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Discussion Starter #21
Well I put some feelers out today so here’s hoping!

God help me as soon as I say I’m going to research minis a great breeder of smaller spoos (who I’d contacted a while ago) tells me there’s a puppy available. Dying right now. Need to put the phone down...
 

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Well I put some feelers out today so here’s hoping!

God help me as soon as I say I’m going to research minis a great breeder of smaller spoos (who I’d contacted a while ago) tells me there’s a puppy available. Dying right now. Need to put the phone down...
If you like this puppy you can make it work. It might take more creativity and commitment to working out of the home, but it's definitely possible.
 

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Call me an enabler - but assuming the temperment was right, I would be all over the smaller spoo. It is possible to do if you have some green space and a long line nearby, or better yet do dog classes somewhere where there is play time (Annie needs running weekly minimum), and personally the only reason I have truly regretted having my spoo instead of a mini was the size difference between her and my mom's dog, and the amount of space she takes up in my small car or a canoe.

Or seriously, an older spoo of 2 +/breeder return might be ideal
 

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Discussion Starter #24 (Edited)
Stop it both of you! I was supposed to be talked down here lol

I’m going to think about it a day or two. It’s very last minute to me so I don’t want to get caught up. The breeder says this puppy was originally supposed to be going to the US for breeding, but can’t now due to covid.

I don’t use a car so that part’s irrelevant! :D My building is by a lot of green space and an off leash area.
 

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Stop it both of you! I was supposed to be talked down here lol

I’m going to think about it a day or two. It’s very last minute to me so I don’t want to get caught up. The breeder says this puppy was originally supposed to be going to the US for breeding, but can’t now due to covid.

I don’t use a car so that part’s irrelevant! :D My building is by a lot of green space and an off leash area.
I live in a 450 sq ft house with a small yard. I have had dogs in it that were the size of a spoo, and to me the main difference is that it's hard to run training exercises with a larger dog when you don't have space, and it's also harder to play games like fetch and tug. I like that if Misha is feeling rowdy I can tire him out fairly well just playing games in our kitchen, but I find that hard to do with a bigger dog. I also live in a big city, so there is limited green space, and what green space we do have is always filled with other dogs. I've been lucky in that my dog is very dog friendly and has appropriate interactions with other dogs, but I would find it much more difficult with a reactive dog. I think your access to outside areas to train and for exercising will mediate limitations of housing. Just remember that's year round including when it's very cold. I can't handle the cold weather but that's why I live in the tropics lol.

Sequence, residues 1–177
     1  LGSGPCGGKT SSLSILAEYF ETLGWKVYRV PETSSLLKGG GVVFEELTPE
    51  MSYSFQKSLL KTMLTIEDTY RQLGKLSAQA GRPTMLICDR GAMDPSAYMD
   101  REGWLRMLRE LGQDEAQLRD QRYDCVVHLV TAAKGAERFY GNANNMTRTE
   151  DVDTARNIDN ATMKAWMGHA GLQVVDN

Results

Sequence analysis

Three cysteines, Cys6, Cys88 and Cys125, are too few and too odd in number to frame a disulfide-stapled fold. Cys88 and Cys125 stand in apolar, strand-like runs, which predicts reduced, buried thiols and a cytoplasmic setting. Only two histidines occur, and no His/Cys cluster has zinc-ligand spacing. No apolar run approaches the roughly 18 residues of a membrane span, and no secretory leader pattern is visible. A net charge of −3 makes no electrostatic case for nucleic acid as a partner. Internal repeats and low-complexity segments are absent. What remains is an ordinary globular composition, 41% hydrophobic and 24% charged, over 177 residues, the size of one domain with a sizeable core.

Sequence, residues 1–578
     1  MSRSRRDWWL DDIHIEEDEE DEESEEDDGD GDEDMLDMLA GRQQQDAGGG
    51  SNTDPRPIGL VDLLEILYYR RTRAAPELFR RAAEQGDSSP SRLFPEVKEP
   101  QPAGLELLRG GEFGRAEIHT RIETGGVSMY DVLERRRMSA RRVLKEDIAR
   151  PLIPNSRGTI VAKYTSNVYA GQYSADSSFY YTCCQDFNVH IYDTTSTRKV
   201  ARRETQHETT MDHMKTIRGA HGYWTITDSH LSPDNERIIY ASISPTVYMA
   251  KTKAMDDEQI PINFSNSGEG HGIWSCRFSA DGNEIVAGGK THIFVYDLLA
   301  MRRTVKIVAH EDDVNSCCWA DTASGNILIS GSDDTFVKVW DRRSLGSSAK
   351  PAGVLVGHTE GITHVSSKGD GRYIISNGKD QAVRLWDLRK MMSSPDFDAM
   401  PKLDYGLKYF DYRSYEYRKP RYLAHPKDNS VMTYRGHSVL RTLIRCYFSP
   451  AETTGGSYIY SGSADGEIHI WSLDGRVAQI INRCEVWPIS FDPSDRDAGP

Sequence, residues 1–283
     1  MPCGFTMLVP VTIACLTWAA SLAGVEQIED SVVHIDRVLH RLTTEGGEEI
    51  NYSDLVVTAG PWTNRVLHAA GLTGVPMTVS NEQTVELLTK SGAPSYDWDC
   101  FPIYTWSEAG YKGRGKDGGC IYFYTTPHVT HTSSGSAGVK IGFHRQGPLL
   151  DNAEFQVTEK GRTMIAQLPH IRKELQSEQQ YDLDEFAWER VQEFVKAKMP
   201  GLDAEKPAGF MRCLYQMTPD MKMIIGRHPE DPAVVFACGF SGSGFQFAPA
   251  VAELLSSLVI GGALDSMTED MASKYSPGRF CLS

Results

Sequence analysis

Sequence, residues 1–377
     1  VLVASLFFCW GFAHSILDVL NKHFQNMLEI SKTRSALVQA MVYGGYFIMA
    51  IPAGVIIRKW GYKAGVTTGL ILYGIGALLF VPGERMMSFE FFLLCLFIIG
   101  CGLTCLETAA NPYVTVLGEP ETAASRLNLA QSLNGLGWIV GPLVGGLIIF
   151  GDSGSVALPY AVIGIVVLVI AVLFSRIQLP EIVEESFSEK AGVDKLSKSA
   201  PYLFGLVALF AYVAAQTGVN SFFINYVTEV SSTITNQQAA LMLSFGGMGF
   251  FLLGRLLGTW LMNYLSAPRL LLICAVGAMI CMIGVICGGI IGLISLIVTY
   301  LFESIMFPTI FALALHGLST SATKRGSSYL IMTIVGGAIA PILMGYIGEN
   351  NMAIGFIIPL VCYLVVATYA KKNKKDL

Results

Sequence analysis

I do appreciate being able to pick my dog up when needed, and it's easy to bring him places even if I need to take his crate. It's also nice that he doesn't take up too much space on the couch when we snuggle.

I do find that larger dogs are better about controlling their energy (though when they fail it's much worse!) and I think Misha gets overexcited very easily in ways that I rarely observe with larger dogs. I also would worry less about him getting hurt if he were bigger. I have to watch out when bigger dogs play with him so they won't play too rough. But I worried a lot more when he was a puppy than I do now. He's fairly sturdy now and is good about not getting in over his head with big dog play.
 

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I don’t use a car so that part’s irrelevant! :D My building is by a lot of green space and an off leash area.
i don’t take my dog to off leash parks...,my dog was chased by a Rottweiler who was in prey drive mode. If it wasn’t for the help of other people who helped me pick up my dog, she might have been severely injured or worse. The dog body slammed me to get to my dog. The woman with the Rottweiler was the mother of the owner of the dog and had no control nor did she care. Don’t count on being able to use an off leash place. It depends on the owners and temperament of the dogs using it. My dog happily plays with lots of dogs of all sizes. It wasn’t my dog, it was the Rottweiler.